Resources

  1. Ann Fam Med March/April 2018 vol. 16 no. 2 149-154

Transcript

Dr. Frank Domino:
AC and DA are two providers in your office, and they're talking over lunch about new data showing that doing a rectal exam as a screening test is not beneficial. AC asks, "What am I supposed to do? Just tell patients they don't need one now? Won't they want it?" DA responds, "So what happens, if they ultimately go on to get prostate cancer? Will I be liable for missing this diagnosis?" Hello, this is Frank Domino, and welcome to Frankly Speaking on Family Medicine. Joining me today is Susan Feeney, Assistant Professor at the University of Massachusetts Medical School Graduate School of Nursing, Coordinator of the Family Nurse Practitioner Program. Welcome to the show, Susan.

Susan Feeney:
Thanks, Frank. 

Dr. Domino:

So we're talking about prostate cancer screening, and more importantly, about rectal exams.

Susan Feeney:
There's been so much information lately, and a lot of it is very confusing, for not just our patients, but for us as providers. So why do we all learn to perform screening rectal exams in men?

Dr. Domino:

Well, certainly, in my training in medical school, we were taught that that was part of the physical exam, and that one of the best ways to ascertain both some stool material to test for blood, as well as to check the prostate, was to do a rectal exam on men. And gradually, over time that became, "Okay, only do it on men over the age of 50," because that's when the risk of both prostate cancer and colon cancer went up. But that was one of those assumptions we made. And it was never tested back then, but I'm curious, in the world of nurse practitioner education, what were you taught?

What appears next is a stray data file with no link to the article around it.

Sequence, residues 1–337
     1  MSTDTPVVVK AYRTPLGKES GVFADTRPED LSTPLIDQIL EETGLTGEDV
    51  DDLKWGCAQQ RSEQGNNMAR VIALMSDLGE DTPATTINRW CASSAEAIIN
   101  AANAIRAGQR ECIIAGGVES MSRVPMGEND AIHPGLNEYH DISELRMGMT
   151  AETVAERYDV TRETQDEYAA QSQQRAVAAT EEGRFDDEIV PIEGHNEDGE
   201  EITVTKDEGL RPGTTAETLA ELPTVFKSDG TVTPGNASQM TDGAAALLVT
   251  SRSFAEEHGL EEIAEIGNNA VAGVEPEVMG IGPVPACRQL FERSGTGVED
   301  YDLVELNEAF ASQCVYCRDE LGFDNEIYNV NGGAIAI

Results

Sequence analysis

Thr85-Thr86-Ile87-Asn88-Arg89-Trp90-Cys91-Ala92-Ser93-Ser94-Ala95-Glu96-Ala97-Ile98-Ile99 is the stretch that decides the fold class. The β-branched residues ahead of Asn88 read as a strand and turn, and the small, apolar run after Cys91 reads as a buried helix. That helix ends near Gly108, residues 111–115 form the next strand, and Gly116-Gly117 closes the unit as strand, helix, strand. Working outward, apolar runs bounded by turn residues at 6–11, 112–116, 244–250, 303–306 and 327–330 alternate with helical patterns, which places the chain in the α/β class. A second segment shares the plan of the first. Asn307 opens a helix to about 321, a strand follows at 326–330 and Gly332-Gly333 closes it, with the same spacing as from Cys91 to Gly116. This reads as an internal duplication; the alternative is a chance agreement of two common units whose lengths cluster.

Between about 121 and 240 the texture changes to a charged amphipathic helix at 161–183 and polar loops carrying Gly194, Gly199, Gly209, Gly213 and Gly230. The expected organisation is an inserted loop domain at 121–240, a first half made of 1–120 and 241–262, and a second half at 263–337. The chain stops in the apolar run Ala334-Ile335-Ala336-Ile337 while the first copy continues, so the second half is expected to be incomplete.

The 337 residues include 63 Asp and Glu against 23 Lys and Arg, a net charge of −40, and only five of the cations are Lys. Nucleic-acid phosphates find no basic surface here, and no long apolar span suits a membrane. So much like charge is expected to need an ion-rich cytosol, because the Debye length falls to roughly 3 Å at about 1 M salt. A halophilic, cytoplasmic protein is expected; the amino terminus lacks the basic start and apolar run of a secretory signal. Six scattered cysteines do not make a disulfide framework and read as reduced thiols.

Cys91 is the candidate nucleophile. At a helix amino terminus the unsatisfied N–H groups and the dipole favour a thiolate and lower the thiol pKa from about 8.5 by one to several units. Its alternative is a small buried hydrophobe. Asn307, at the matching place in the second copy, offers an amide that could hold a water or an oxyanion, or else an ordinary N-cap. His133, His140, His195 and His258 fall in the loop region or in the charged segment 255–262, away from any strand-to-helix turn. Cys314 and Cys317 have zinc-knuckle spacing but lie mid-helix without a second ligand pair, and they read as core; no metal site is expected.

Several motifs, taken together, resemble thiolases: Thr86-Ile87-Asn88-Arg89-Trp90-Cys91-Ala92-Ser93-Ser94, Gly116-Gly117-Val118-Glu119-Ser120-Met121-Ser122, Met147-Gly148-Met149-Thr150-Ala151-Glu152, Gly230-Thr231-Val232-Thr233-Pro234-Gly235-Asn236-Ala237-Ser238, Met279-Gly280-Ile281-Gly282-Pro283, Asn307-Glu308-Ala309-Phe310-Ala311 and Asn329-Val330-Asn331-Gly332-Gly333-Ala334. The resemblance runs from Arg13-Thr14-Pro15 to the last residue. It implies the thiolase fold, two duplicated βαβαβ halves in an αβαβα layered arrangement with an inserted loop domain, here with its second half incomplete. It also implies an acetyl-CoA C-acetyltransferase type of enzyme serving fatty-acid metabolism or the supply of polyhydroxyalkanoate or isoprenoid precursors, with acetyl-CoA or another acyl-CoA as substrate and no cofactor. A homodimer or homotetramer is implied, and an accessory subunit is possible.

Susan Feeney:

Well, we're talking 20 years ago, but we also were taught that it was part of the exam, and we did rectal exam of both women and men, and for the same reason. In men, we actually, we were... I was taught to start at 40, as basically baseline information to get a baseline assessment of the prostate, and also to do an assessment of the rectal vault, and to look for fecal material, and just look for occult blood, and never really being told about what that information, how that might impact the patient.

Dr. Domino:
Yep. I think we both had very similar experiences.

Susan Feeney:
So, what does the new data tell us?

Dr. Domino:
Well, this was a very interesting study. This was a large meta-analysis. I think one of the goals in medicine right now, is to see if there is an evidence base for many of the things we do. And that was the goal of this study. They were able to find seven studies looking at 9,000 in men, who went ahead, and had both a digital rectal exam and a prostate biopsy, so we were certain whether they had prostate cancer or not. And they found that the sensitivity of doing a rectal exam, a digital rectal exam, was 50%, meaning that at least half of the time we had some finding on a rectal exam, it probably was insignificant. Certainly, with regards to cancer, the positive predictive value of a digital rectal exam is 40%. That means if you have an abnormal rectal exam, 40% of those people will actually have an abnormal prostate, and maybe some disease, but that means 60% do not.